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Severity of facial wrinkles may predict bone density in early menopause, study suggests

Date:
June 6, 2011
Source:
The Endocrine Society
Summary:
A new study finds that the worse a woman's skin wrinkles are during the first few years of menopause, the lower her bone density is.

A news study finds that the worse a woman's skin wrinkles are during the first few years of menopause, the lower her bone density is.

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The results are being presented at The Endocrine Society's 93rd Annual Meeting in Boston.

"In postmenopausal women the appearance of the skin may offer a glimpse of the skeletal well-being, a relationship not previously described," said Lubna Pal, MD, a reproductive endocrinologist and associate professor at Yale School of Medicine, New Haven, Conn.

The study demonstrates only an association between bone density and skin wrinkling, stressed Pal, the study's principal investigator. However, she called their findings noteworthy.

"This information," Pal said, "may allow for the possibility of identifying postmenopausal women at fracture risk at a glance, without dependence on costly tests."

The study is an ancillary study to an ongoing multicenter trial called the Kronos Early Estrogen Prevention Study, or KEEPS, which is funded by the Aurora Foundation and the Kronos Longevity Research Institute in Phoenix. This ancillary study included 114 women in their late 40s and early 50s who had had their last menstrual period within the past three years and who were not taking hormone therapy. Women were excluded from participating if they had undergone any cosmetic skin procedures.

Women received a score for face and neck wrinkles based on the number of sites with wrinkles and on the depth of the wrinkles. The skin firmness or rigidity was measured at the forehead and the cheek with a device called a durometer. Study participants also underwent measurement of bone density by dual X-ray absorptiometry (DEXA) and by a portable heel ultrasound device.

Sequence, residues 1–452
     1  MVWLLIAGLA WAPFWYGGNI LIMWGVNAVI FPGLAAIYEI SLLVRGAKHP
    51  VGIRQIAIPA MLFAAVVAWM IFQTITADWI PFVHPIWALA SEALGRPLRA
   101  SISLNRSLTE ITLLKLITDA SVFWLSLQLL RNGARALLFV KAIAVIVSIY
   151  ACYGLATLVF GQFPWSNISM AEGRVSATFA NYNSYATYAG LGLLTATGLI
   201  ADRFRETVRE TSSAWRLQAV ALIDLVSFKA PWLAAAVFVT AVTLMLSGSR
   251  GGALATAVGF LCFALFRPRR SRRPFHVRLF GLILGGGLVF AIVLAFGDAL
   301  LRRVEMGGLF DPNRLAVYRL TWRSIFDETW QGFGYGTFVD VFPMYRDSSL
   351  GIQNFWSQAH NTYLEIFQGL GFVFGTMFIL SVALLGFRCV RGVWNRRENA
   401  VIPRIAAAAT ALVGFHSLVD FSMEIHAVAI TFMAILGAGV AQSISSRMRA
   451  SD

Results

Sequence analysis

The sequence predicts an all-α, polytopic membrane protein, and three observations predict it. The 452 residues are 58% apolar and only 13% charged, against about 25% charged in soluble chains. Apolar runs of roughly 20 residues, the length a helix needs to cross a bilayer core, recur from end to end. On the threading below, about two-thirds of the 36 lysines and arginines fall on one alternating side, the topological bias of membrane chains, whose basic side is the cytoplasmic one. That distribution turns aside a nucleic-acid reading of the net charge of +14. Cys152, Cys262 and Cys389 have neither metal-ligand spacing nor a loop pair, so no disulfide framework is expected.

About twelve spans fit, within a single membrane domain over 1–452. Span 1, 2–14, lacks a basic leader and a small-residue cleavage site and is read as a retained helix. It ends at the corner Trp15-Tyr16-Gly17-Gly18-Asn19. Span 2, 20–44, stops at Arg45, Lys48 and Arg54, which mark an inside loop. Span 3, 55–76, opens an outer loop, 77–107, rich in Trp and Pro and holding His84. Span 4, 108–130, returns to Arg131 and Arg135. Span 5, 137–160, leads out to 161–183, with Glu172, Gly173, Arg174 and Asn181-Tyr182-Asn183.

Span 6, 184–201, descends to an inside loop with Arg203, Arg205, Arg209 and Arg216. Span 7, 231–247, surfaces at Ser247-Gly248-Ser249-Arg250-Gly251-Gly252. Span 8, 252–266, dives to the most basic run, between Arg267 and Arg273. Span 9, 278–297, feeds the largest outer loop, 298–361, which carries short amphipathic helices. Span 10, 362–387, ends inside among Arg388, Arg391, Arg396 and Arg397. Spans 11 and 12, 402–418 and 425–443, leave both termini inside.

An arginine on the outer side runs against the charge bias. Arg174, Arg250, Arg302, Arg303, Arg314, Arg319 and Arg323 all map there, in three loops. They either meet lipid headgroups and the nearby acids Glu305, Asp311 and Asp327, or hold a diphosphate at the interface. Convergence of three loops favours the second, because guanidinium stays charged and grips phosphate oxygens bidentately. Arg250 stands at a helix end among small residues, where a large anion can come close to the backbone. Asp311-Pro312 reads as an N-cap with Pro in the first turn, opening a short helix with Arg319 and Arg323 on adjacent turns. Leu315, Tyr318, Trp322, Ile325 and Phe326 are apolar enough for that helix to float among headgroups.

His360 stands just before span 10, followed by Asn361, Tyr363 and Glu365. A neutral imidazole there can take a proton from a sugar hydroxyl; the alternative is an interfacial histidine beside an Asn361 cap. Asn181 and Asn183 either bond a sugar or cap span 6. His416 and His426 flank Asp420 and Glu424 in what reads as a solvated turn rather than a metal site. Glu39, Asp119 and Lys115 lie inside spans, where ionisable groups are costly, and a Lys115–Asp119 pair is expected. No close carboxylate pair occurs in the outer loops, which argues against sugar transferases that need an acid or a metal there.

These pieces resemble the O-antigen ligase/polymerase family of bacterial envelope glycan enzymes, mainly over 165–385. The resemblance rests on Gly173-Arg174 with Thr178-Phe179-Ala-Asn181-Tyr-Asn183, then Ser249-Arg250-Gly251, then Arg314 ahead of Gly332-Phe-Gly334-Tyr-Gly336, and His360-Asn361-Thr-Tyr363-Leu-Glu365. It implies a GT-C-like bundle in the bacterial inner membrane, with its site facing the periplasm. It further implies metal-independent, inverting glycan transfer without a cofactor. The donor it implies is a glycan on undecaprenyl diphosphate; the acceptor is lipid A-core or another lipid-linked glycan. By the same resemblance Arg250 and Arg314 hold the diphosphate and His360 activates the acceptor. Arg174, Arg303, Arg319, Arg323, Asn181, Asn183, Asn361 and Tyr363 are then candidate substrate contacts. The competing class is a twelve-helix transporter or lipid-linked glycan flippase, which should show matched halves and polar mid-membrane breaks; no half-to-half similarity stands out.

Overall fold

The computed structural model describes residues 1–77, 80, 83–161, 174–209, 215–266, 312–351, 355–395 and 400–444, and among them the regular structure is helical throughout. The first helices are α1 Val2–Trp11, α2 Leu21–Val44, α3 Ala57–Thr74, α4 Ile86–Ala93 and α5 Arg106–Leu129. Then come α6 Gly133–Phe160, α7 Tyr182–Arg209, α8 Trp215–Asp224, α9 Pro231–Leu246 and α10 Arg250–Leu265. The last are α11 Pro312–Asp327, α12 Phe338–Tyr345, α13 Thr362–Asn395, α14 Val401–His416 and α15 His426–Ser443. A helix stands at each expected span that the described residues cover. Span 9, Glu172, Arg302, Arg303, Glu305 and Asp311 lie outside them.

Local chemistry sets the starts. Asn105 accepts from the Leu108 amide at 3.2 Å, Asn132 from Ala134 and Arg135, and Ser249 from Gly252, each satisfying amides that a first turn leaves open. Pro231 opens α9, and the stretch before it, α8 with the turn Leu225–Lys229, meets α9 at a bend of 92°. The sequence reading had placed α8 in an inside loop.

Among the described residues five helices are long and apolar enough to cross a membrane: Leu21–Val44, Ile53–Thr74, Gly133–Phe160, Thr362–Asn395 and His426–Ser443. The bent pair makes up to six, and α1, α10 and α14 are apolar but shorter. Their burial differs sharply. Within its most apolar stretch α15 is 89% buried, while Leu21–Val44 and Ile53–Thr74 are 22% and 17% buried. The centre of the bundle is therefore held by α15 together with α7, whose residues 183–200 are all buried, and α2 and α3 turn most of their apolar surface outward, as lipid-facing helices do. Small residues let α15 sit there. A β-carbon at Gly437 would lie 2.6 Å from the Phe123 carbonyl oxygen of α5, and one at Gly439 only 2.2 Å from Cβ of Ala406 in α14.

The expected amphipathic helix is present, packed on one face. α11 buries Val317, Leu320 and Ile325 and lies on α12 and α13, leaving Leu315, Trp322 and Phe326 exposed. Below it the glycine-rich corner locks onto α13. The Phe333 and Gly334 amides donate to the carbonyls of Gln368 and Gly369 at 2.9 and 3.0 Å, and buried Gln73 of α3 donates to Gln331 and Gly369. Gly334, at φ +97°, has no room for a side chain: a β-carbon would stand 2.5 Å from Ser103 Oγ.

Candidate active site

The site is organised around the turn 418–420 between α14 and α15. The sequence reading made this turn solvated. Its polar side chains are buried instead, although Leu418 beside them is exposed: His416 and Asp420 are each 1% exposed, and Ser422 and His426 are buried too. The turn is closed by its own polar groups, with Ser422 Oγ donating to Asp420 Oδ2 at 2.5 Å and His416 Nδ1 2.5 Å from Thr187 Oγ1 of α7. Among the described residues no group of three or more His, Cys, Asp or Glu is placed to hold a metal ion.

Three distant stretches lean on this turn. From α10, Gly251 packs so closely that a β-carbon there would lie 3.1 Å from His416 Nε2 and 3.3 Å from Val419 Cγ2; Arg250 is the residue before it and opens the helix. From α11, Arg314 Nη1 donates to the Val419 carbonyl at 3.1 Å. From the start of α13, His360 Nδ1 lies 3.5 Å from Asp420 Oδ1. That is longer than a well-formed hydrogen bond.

The investigators found a significant inverse correlation between the wrinkle score and the bone density, meaning the higher the score (and the worse the wrinkles), the lower the bone density. This relationship was evident at all skeletal sites -- hip, lumbar spine and heel -- and was independent of age, body composition or other factors known to influence bone density, Pal said. Additionally, firmer skin of the face and forehead was associated with greater bone density.

Although the connection between bones and skin may seem unclear, Pal explained that they share common building blocks -- a group of proteins known as collagens. As we age, changes in collagen occur that may account for age related skin changes including worsening skin wrinkles and sagging skin, and also contribute to deterioration in bone quality and quantity.

Long-term studies are needed to substantiate a relationship between wrinkles and the risk of bone fracture, Pal said.

"Ultimately, we want to know if intensity of skin wrinkles can allow identification of women who are more likely to fracture a bone, especially the femoral neck or the hip, an often fatal injury in older people," she said. "If this is the case, then including the study of skin wrinkles to other clinical risk factors may allow identification of fracture risk in populations that do not have access to more costly technology."


Story Source:

The above story is based on materials provided by The Endocrine Society. Note: Materials may be edited for content and length.


Cite This Page:

The Endocrine Society. "Severity of facial wrinkles may predict bone density in early menopause, study suggests." ScienceDaily. ScienceDaily, 6 June 2011. <www.sciencedaily.com/releases/2011/06/110604181911.htm>.
The Endocrine Society. (2011, June 6). Severity of facial wrinkles may predict bone density in early menopause, study suggests. ScienceDaily. Retrieved March 6, 2015 from www.sciencedaily.com/releases/2011/06/110604181911.htm
The Endocrine Society. "Severity of facial wrinkles may predict bone density in early menopause, study suggests." ScienceDaily. www.sciencedaily.com/releases/2011/06/110604181911.htm (accessed March 6, 2015).

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